Anti-Development Activists Killed California's Last Stab at Free Market Housing Reform. Will They Get on Board With This Latest Attempt?

Senate Bill 50 would override restrictive local zoning laws to allow more housing construction near transit.



California is gearing up for another bitter housing policy fight following the introduction of a bill in the state legislature that would preempt local zoning laws in favor of allowing more, denser housing construction.

"For too long we have created sprawl by artificially limiting the number of homes that are built near transit and job centers," said State Sen. Scott Wiener (D–San Francisco) in a Tuesday Medium post announcing the bill. "As educational and economic opportunities become increasingly concentrated in and near urban areas, we must ensure all of our residents are able to access these opportunities."

Wiener's legislation, Senate Bill 50 (SB 50), would give developers waivers to local zoning laws—called "equitable communities incentives"—that would allow the construction of apartment buildings as tall as 45 feet within a half mile of major transit stops, and as tall as 55 feet within a quarter mile of major transit stops. In order to qualify for these incentives, developers would have to reserve a yet-to-determined percentage of new units for low-income tenants.

If all this sounds familiar, it is because it is essentially the same approach Weiner took in his last, ultimately unsuccessful housing reform bill from earlier this year, Senate Bill 827 (SB 827).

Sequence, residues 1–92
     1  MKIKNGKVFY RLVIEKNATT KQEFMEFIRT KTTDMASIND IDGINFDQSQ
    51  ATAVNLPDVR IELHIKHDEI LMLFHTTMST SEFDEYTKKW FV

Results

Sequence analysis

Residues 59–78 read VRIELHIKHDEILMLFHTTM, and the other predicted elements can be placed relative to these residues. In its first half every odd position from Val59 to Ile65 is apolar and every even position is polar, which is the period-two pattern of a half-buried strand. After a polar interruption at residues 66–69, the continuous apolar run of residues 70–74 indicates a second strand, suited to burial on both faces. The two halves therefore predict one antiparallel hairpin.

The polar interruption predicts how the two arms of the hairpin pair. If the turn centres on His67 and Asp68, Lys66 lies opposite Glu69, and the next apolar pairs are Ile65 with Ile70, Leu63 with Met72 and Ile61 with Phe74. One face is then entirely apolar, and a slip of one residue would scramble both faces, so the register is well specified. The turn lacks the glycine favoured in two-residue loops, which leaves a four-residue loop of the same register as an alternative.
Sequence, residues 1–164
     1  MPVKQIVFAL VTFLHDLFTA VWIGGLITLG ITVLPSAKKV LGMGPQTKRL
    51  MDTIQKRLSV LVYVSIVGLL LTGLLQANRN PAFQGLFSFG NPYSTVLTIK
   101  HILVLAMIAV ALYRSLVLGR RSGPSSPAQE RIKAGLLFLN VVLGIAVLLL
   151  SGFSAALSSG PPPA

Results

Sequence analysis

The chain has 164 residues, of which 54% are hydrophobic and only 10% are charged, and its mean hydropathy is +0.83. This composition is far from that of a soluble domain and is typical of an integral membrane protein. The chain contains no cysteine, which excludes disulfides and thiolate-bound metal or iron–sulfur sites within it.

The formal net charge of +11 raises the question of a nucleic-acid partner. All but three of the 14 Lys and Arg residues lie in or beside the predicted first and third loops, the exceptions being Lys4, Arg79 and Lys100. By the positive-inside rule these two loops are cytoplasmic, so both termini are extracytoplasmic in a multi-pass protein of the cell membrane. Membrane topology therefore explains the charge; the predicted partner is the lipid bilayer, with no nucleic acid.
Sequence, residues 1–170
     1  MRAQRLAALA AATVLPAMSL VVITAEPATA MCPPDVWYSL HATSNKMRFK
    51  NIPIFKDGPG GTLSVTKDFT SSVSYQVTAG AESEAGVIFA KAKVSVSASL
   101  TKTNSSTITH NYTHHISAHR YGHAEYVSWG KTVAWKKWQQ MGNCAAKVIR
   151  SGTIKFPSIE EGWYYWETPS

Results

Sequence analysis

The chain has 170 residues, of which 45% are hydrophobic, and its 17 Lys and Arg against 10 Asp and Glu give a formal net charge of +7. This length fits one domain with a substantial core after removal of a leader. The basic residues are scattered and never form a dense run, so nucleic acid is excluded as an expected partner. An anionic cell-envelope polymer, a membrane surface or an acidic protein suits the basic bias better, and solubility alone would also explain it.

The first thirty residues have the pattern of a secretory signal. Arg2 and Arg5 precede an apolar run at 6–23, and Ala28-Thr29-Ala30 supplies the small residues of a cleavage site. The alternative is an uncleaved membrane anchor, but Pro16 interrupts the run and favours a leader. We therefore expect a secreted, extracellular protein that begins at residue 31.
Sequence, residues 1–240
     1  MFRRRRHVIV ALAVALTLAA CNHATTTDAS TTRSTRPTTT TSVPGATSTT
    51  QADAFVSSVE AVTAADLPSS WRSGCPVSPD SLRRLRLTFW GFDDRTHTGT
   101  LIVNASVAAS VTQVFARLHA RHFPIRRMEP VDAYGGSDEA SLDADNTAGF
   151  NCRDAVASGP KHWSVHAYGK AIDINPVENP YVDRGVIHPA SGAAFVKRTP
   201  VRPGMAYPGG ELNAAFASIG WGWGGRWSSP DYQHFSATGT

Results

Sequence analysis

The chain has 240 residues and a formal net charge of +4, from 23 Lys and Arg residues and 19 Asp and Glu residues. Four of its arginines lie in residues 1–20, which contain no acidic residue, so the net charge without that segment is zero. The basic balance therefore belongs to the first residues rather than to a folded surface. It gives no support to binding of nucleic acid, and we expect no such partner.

That bill, like SB 50, would have upzoned areas near transit, but was killed in committee back in April after encountering stiff opposition from California's powerful construction trade unions—represented at the state level by the State Building and Construction Trades Council—as well as anti-gentrification groups, and local governments.

Re-introducing such a similar bill just months after the last one went down in flames might sound a bit like the clinical definition of insanity, but there are actually some good reasons to think that SB 50 will succeed where its predecessor failed.

For starters, this new bill includes an explicit requirement that any developer taking advantage of its zoning waivers still abide by local construction wage regulations. That is a major sweetener for trade unions who came out against SB 827 largely because they feared it would allow developers to bypass local requirements that construction workers be paid a prevailing (union) wage.

SB 50 also forbids the use of its "equitable community incentives" for projects being built on land that has been occupied by tenants in the last seven years, or was taken off the rental housing market by the owner in the last 15 years. The idea here is to mollify concerns that any loosening of local zoning laws will give developers carte blanche to level low income housing, and put up dreaded "luxury condos," displacing vulnerable tenants in the process.

Neither of these concessions are ideal policy. Both will certainly blunt the impact of the bill. They are nevertheless both politically astute and probably necessary in order to get any zoning liberalization bill through the legislature.

Indeed, this approach already appears to be winning friends and influencing people. The Construction Trades Council has said it would support SB 50, and its political director, Cesar Diaz, even provided a rosy quote for Weiner's press release announcing the new bill.

Similarly, the Los Angeles Times reports that low income housing and tenants rights groups—some of whom compared SB 827 to a modern day Trail of Tears, with Wiener playing the role of Andrew Jackson—are playing a wait and see approach this time around.

All told, SB 50 is a far cry from the unfettered property rights agenda that would make up a libertarian housing policy. Yet for all its blemishes, it would still override restrictive local zoning laws to allow for more housing construction.

That reform would go part of the way towards alleviating California's pressing housing shortage and the astronomical rents and home prices that have come with it.